Monday, January 23, 2017

Chidike Okeem — Capitalism, White Supremacy, and Black Entrepreneurship

Despite capitalism’s many blemishes and imperfections, it is the only system of economic development that has the proven power to lift people out of poverty. Given the state of the American economy and the fact that African Americans are consistently on the lower end of the socioeconomic totem pole, it is imperative that black people embrace capitalism and skillfully utilize the power of entrepreneurship.

Capitalism is unwisely pilloried and attacked because it was used in the service of white supremacy. In American history, not only was black slave labor stolen, but black slaves were also sold and bought as commodities. However, it is logically sloppy to think that capitalism is inherently evil and possesses zero benefits just because it can be thwarted and used as an artifice of evil and oppression. Christianity, too, was thwarted and used as a tool of mass control and oppression. To argue that Christianity has done no good for the world just because evil manipulators misused it for their invidious goals would be absurd.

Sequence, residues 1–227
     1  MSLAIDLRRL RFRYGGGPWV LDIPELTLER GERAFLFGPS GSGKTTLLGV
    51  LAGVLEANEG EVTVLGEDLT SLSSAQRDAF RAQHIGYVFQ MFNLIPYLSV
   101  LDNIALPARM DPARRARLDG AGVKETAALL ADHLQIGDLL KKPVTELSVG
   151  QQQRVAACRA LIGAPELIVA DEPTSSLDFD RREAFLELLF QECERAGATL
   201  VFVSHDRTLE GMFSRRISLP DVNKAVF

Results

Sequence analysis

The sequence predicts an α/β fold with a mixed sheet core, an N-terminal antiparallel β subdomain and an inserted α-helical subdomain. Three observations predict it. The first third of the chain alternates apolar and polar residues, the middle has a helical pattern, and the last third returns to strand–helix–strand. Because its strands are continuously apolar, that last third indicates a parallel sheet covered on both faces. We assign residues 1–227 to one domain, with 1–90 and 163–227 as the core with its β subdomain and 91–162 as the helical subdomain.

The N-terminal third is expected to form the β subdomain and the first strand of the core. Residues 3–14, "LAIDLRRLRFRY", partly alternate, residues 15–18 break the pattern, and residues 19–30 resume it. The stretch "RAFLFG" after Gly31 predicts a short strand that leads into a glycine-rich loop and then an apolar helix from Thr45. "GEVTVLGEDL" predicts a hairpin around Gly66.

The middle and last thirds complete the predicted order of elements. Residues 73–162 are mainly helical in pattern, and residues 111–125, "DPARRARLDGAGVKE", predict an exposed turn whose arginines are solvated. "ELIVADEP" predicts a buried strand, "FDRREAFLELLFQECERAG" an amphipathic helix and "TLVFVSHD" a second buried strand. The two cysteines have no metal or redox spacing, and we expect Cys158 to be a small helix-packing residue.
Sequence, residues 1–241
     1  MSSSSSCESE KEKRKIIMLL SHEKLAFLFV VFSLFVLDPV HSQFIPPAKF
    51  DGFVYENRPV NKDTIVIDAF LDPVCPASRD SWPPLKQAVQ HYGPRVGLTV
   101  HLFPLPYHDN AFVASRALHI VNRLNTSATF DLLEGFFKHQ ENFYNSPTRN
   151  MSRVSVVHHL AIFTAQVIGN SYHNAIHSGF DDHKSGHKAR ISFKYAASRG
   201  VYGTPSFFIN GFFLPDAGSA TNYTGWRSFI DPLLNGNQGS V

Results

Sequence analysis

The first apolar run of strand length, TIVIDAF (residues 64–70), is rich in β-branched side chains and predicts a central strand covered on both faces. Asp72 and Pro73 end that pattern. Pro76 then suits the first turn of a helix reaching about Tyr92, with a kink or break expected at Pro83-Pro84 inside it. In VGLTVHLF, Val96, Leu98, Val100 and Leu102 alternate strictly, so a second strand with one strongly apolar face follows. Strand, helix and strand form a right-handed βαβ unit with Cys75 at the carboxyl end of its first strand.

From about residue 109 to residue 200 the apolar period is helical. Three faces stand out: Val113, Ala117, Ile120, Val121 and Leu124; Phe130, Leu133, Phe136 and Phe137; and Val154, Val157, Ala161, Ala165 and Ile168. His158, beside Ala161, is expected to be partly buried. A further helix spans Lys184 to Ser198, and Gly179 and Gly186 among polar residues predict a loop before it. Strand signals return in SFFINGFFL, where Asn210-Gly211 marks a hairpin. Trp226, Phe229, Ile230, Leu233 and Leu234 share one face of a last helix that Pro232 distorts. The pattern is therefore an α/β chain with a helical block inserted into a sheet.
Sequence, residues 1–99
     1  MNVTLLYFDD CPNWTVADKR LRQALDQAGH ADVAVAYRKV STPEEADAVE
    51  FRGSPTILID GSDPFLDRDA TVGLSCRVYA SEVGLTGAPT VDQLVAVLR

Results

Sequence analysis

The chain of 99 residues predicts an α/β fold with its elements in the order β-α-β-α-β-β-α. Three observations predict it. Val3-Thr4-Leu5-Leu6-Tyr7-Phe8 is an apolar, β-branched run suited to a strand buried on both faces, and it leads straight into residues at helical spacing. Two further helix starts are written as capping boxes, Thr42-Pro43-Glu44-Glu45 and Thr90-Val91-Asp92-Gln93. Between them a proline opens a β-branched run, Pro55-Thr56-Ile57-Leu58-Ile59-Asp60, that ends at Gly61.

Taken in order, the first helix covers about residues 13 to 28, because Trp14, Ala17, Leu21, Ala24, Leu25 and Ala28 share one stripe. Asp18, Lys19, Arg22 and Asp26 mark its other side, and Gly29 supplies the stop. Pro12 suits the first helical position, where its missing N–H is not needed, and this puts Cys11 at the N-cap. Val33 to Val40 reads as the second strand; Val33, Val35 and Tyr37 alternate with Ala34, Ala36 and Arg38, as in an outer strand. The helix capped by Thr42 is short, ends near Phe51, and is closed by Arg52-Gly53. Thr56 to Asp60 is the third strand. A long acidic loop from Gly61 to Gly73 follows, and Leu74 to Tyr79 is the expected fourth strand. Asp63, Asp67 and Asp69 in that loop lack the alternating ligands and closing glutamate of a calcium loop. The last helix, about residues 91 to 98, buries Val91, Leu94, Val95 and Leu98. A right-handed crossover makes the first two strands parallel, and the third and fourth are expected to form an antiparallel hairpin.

It is important to note that capitalism and white supremacy are not conjoined twins. Capitalism and white supremacy are not a package deal. One does not have to endorse white supremacy just because one endorses a proven economic system of development and growth. The most serious of black thinkers understand the importance of entrepreneurship and capitalism. However, black radicals irresponsibly conflate capitalism and white supremacy because they are more interested in fomenting victimhood than ending economic malaise.

In his indispensable 1933 book The Mis-Education of the Negro, Dr. Carter G. Woodson eloquently pointed out the absurdity of black people rejecting markets.

To say that the Negro cannot develop sufficiently in the business world to measure arms with present-day capitalists is to deny actual facts, refute history, and discredit the Negro as a capable competitor in the economic battle field of life. … Properly awakened, the Negro can do the so-called impossible in the business world and thus help to govern rather than merely be governed.